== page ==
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Introducing David Pagan Castaño

Virginia winemaker David Pagan Castaño

David Pagan Castaño hails from Spain where his family has been in the wine business for generations.

David Pagan Castaño came to Breaux Vineyards in Loudoun mid-2011. He made wine most recently in Lanzarote, a tiny island that is part of the Carnary Islands, about 500 miles off the coast of Spain, after working in his family’s vineyards in Spain and exploring a few additional venues around the globe. Following Breaux’s long-time and well-respected winemaker, Dave Collins, who was lured away to Maryland, Castaño has big shoes to fill!

Jennifer Breaux Blosser and her husband Chris Blosser conducted the search for the new winemaker. According to Alan Liska at Cellarblog,  candidates from Virginia to California, France to New Zealand and many places in between were considered before the David was brought on board. “Chris and I peruse[d] and discuss[ed] the resumes and applications every day and are thankful for the response we have had from our postings for the position. It tells me that our region is truly being recognized and respected in winemaking and that’s exhilarating.” Jen reported.

Breaux produces a full portfolio of fine wines and is a leading supplier of fruit to many Virginia wineries. The winery was recently singled out by Oz Clarke  as one of the top 250 producers world-wide this year.  We’ll be running a full story on Breaux shortly here on VWG-Online.com.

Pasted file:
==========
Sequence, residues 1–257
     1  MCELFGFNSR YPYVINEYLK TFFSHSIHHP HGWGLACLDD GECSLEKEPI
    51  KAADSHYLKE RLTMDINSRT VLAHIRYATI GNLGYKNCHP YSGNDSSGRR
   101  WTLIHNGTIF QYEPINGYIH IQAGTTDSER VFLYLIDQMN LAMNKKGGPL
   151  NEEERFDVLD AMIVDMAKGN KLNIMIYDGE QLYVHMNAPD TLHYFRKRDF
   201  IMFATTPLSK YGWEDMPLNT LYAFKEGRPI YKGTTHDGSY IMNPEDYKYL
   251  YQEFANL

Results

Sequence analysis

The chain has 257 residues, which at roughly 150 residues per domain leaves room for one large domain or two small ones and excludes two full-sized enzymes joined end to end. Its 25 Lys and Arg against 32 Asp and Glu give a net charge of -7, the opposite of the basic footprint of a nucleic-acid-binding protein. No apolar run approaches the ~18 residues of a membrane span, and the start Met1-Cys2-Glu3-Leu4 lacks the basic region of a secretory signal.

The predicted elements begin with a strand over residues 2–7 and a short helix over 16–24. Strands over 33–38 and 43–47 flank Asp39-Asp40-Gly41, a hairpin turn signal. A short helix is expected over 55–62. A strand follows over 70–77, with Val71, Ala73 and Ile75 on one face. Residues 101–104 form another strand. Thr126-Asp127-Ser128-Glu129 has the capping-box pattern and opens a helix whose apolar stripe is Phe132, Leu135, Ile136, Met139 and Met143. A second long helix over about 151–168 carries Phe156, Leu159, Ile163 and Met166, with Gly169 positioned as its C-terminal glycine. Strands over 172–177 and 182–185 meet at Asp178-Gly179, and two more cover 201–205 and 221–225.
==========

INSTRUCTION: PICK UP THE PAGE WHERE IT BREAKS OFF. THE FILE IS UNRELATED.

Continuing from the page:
Virginia winery Breaux Vineyards

Breaux’ breathtaking estate consists of over 400 acres at the foot of Short HIll Mountain. One hundred acres are under vine. Photo by MA Dancisin.

VWG-Online: How many different varietals have you worked with over the course of your winemaking career? We understand Breaux cultivates no fewer than 18!

David Pagan Castaño: About 35 to 40 different varietals, from popular grapes such as Cabernet Sauvignon and Merlot, to local and unknown grapes such as Negramoll and Listan Blanco.

In the vineyard, do you find certain grapes produce better than others?

Yes, it’s a question of adaptability of the vine. For example here in Virginia, Viognier and Cabernet Franc among others have adapted very well to the conditions that Virginia offers in terms of soil composition and weather conditions.

Then, depending on the microclimate and weather conditions, some varieties may produce excellent quality grapes in a specific vintage and not as good in other vintages. We see that quite often here in VA since the weather changes so much.

Also Virginia’s wildlife may influence the quantity of the final product: damage from birds, deer,  and raccoons is common.

How do these varietals compare with those in other places you’ve made wine?

It’s too soon for me to compare different regions, but there are always some varieties that produce more and better than others. In order to help the vines to adapt, the vinegrower has to be the first person that needs to adapt to soil and climate conditions. That way he/she’ll be able to pick the right varieties and potentially will have excellent grapes that potentially will lead to a fantastic wine.

Virginia winery Breaux Vineyards

Fresh new growth in spring 2012. Photo by MA Dancisin.

Is a Rhone blend more challenging than a Bordeaux blend? Are single-varietal wines more interesting to you?

The real challenge is to make a good single-varietal wine that is great on its own. Independentl of the type of blend, Rhone or Bordeaux, every varietal has its particularity and every year is different, so going back to the first question, the capability of vinegrowers and winemakers to adapt is essential.